Sweep Account Interest Rates

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Last updated on July 23, 2019 Comments: 6

Any investment account at a brokerage usually has an associated cash account in which proceeds from sales and dividends are deposited, usually in the form of a money market fund. According to this free Wall Street Journal article, investment banks are purposely moving investors’ cash funds into accounts that earn less than typical money market funds. This, of course, allows the banks to make more money off your account.

The good news is that there are options. Many brokerages allow you to request better accounts for holding cash. For example, the default option at E*Trade is to keep your cash in a deposit account earning 0.40% interest. They do, however, offer tax-exempt money market funds yielding up to 1.57%. That rate may not compete with the likes of Capital One 360 and Emigrant Direct after taxes (I haven’t done any calculations), but it is certainly a more favorable option than the default sweep account offered.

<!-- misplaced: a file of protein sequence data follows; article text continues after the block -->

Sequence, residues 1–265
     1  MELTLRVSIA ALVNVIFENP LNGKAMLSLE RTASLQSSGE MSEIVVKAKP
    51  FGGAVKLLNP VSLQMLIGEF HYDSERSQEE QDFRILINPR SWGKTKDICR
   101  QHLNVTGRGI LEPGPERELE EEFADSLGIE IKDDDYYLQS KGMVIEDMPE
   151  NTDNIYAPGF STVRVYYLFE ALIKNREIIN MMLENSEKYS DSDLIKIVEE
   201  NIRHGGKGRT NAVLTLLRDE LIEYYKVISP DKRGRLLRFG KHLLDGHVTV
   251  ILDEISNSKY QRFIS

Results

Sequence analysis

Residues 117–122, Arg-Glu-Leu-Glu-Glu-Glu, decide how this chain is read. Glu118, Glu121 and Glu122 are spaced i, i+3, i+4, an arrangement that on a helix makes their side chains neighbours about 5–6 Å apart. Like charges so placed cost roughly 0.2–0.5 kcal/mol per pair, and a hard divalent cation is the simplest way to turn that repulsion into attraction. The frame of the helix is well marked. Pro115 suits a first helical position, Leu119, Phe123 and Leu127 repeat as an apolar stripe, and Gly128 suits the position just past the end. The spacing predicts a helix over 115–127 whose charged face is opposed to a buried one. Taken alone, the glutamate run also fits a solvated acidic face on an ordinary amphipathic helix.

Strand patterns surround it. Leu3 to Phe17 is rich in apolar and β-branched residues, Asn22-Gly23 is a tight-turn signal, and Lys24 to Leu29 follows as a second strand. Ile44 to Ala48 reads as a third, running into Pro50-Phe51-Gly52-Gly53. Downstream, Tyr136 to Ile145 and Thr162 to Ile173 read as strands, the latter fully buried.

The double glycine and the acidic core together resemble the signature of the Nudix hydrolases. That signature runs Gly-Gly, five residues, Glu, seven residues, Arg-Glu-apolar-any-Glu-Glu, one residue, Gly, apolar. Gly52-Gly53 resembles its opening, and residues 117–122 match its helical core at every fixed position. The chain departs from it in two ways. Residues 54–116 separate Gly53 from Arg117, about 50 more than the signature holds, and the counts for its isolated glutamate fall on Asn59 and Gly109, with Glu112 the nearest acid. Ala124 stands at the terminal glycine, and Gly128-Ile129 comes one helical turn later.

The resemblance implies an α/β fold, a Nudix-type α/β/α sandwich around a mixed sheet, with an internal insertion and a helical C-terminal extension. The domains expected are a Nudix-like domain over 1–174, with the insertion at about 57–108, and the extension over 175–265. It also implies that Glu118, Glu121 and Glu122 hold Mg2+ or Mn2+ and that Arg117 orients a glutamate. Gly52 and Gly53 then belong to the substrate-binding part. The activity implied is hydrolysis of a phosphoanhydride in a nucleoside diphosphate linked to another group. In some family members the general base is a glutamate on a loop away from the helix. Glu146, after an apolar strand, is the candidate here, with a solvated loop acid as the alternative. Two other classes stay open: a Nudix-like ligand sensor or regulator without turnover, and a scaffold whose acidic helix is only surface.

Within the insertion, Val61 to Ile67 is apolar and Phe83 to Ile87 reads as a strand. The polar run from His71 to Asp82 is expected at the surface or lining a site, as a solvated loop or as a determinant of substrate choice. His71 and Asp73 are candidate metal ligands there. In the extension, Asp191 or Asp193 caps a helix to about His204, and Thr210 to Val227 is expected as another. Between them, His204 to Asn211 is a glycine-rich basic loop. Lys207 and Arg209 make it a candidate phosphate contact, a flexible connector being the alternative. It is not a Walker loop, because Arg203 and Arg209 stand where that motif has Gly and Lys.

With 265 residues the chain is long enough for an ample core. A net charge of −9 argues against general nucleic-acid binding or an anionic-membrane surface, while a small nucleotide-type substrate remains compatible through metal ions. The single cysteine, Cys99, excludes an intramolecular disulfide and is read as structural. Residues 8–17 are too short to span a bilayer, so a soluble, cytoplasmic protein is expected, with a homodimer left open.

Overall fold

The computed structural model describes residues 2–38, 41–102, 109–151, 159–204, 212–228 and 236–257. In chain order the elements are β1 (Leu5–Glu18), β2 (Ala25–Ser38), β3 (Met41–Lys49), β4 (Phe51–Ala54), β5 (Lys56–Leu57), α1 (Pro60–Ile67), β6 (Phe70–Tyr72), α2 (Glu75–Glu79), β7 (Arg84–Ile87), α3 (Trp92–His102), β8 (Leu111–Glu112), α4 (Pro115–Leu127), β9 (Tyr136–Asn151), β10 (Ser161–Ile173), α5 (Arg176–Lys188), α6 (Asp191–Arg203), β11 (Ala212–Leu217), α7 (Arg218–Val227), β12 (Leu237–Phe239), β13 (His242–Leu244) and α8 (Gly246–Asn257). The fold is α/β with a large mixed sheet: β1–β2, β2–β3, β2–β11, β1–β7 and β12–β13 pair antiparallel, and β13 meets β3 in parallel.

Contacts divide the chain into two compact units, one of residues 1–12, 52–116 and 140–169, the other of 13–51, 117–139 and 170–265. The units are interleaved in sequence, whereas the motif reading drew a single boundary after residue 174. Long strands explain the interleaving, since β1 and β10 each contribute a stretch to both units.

Article comments

Anonymous says:

I’ve got the bulk of my money at ameritrade advisor. The money market option is pathetic. They’re making money on the spread. Good thing I keep less than 1% of my portfolio in cash.


Anonymous says:

When I opened my brokerage account with Fidelity the first thing I did was ask what happened to the money while I was still deciding on investments. They pretty much told me the same thing – holding account, .40% interest yada yada. Thankfully I had the presence of mind to ask if that’s the only option and now my cash sits in the Fidelity Muni money mkt fund until I am ready to move it. 1.98% (equiv to 2.98 taxable) is not a lot but it’s better than .40

Anonymous says:

I live in a high tax state, so I prefer the muni sweep for NY State.

NYC Money

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